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Joint research was conducted in 2011-2013 out in Romania and Georgia on pollution in the Black Sea. The Georgian team worked with leading German and Greek environmental scientists within a project entitled „Investigation of Submarine Groundwater Discharge (SGD) for preventing pollution and eutrophication of the coastal Black Sea“, funded by the Shota Rustaveli National Science Foundation and the European Commission.

The Georgian research team from the Research Center of Hydrogeophysics and Geothermy of TSU’s M. Nodia Institute of Geophysics was led by Dr. Giorgi Melikadze, DrSci in Geological-Mineralogical Sciences, and included Mariam Todadze, Zurab Machaidze, Nino Kapanadze and Alexander Chankvetadze. German researchers from the Helmholtz Centre for Environmental Research were headed by Dr. Michael Schubert, and the Greek researchers from the Hellenic Centre for Marine Research were under the leadership of Dr. Christos Tsabaris. Black Sea sites targeted for the research included the eastern coastline of the Adjara region and the western Romanian lowlands territory adjacent to Constanta.

Pollutants discharged into the sea can cause significant damage to the environmental condition of coastal areas as well. Damage can include coastal eutrophication (pollution from toxins, nitrates and phosphates--or excess nutrients that stimulate excessive plant growth), the pollution of produce from the sea, destruction of coral reefs and harmful “blooming” of seawater. The key goal of the research was to investigate Submarine Groundwater Discharge (SGD) areas using a multi-tracer approach.

Tracers are natural or anthropogenic substances that exist in the environment. Generally, water tracers are used to study submarine groundwater discharge. Unlike artificial tracers the ecological tracers used do not cause chemical environmental pollution. Moreover, natural ecological tracers--because they exist everywhere--are convenient for large scale research. This is an important factor in SGD investigation. Dr. Melikadze pointed out that it was an attempt localize and count the SGD areas by uniting various water tracers and by substantiating these results using new methods of satellite data-gathering. The Adjaran coastline was selected for the fact that this region is a surface water discharge area from the territory of Adjara, and surrounding areas contribute to the concentration of pollution with waters from municipalities and with toxic and agricultural waste from large industrial facilities and cities.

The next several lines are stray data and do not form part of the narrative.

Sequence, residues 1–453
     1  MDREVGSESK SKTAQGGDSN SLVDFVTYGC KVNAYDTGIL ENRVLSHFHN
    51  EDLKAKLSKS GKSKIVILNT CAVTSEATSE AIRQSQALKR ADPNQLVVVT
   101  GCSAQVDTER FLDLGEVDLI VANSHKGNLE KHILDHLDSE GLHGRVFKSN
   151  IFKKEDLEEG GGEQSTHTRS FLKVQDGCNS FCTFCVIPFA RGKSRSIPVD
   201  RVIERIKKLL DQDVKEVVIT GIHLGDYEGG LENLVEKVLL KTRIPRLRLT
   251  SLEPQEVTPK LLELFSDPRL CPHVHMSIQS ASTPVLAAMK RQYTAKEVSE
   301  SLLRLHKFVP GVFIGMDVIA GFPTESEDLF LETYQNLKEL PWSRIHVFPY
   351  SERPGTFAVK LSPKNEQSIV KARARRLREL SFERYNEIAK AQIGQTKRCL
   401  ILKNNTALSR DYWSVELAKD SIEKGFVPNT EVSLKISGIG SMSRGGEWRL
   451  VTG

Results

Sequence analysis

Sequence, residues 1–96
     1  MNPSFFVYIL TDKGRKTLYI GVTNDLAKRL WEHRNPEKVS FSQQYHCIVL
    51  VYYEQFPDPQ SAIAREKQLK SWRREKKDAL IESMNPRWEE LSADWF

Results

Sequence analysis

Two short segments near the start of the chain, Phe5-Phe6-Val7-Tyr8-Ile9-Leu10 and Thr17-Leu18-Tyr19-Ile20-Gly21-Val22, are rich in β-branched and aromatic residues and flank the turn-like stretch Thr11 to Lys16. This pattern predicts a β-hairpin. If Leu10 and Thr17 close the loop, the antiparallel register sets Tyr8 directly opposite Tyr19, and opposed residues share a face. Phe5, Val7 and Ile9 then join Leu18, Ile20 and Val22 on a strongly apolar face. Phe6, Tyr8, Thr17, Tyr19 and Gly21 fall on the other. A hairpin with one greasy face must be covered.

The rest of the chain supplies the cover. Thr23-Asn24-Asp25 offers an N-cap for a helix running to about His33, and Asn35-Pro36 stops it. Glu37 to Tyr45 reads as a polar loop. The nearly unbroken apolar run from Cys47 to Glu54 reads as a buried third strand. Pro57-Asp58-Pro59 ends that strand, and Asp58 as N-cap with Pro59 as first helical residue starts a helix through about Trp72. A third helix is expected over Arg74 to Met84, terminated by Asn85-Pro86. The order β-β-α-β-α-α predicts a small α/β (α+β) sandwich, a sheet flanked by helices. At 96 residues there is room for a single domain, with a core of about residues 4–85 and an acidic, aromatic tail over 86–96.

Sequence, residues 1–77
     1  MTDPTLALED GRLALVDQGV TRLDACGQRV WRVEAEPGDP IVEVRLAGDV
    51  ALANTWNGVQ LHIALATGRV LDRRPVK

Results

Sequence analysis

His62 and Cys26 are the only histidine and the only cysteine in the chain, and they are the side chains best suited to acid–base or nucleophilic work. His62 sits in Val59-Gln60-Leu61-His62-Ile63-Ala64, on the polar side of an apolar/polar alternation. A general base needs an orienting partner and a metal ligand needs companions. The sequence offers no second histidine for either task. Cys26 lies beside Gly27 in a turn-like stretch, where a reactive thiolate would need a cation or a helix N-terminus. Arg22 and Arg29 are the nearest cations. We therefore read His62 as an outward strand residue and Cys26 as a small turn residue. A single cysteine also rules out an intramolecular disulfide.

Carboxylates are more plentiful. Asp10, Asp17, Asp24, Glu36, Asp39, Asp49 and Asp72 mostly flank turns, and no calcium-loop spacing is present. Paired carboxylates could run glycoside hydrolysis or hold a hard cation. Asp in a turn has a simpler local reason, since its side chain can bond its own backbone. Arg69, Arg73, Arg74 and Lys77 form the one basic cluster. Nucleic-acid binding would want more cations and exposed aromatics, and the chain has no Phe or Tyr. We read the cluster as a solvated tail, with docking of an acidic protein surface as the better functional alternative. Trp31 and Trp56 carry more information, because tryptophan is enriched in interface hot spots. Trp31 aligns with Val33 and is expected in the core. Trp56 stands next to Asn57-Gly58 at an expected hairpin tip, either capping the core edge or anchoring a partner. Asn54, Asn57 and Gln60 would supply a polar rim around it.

The region includes the port city of Batumi, the town of Kobuleti, as well as many villages and settlements that cause pollution from runoff into the Black Sea. This is also where the large Baku-Supsa oil pipeline terminal is located, built directly on the coast. The territory was also selected for the study since it is a well-developed agricultural region--tea, maize and citrus crops widely use mineral fertilizers and chemicals. Although the region is part of the Kolkheti Protected Areas system according to a law passed in 1999, for the last 100-150 years endemic plants have been massively supplanted by alien species such as tea, maize, haricot, soya and citrus, resulting in radical changes in the soil’s processing capacities. These crops cause soil exhaustion that leads in turn to the use of additional fertilizers. The study should permit the rehabilitation of traditional crops that need little or no fertilizers.

During the project a new methodology of using ecological tracers was introduced to determine submarine groundwater discharge areas. For the first time satellite data were used to carry out long-term and large-scale assessment of coastal temperatures and to identify key areas of anthropogenic impact.

Groundwater flow and discharge areas were identified along the Adjaran coastal area, including their range and surface pollution. This is the first time such a complex study of marine and land pollution, using ecological tracers, has been carried out in Georgia. The study helped determine the intensity of eutrophication in groundwater as well as in the sea. The distribution and intensity of pollutants discharged into the sea were investigated, and forecasts made on the potential changes. Recommendations include the need for regular monitoring over these areas. For the first time, a marine and land research complex was successfully carried out in Georgia using ecological tracers such as oxygen 18O and hydrogen 2H stable isotopes, Radon (Rn), Radium-Ra, and others.

Research results were presented in Constanta in September 2012, in Athens in March 2013 and at the M. Nodia Institute of Geophysics at Tbilisi State University in November 2013. The results were reported in the Journal of Georgian Geophysical Society, Issue A. Physics of Solid Earth, vol. 116A 2013 by George Melikadze, Michael Schubert, Christos Tsabaris, Nino Kapanadze, Mariam Todadze, Zurab Machaidze and Alexander Chankvetadze, entitled “Using Environment Tracers for the Investigation of Submarine Groundwater Discharge”.